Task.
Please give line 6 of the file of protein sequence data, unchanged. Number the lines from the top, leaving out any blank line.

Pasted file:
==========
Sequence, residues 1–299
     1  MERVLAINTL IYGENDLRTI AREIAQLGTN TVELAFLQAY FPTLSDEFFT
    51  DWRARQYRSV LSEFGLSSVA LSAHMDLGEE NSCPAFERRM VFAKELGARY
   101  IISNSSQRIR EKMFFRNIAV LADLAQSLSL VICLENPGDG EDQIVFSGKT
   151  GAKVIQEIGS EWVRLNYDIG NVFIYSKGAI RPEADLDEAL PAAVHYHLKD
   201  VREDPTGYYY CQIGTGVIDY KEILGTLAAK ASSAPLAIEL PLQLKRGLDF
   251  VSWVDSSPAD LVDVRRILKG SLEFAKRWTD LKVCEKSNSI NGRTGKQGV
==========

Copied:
   201  VREDPTGYYY CQIGTGVIDY KEILGTLAAK ASSAPLAIEL PLQLKRGLDF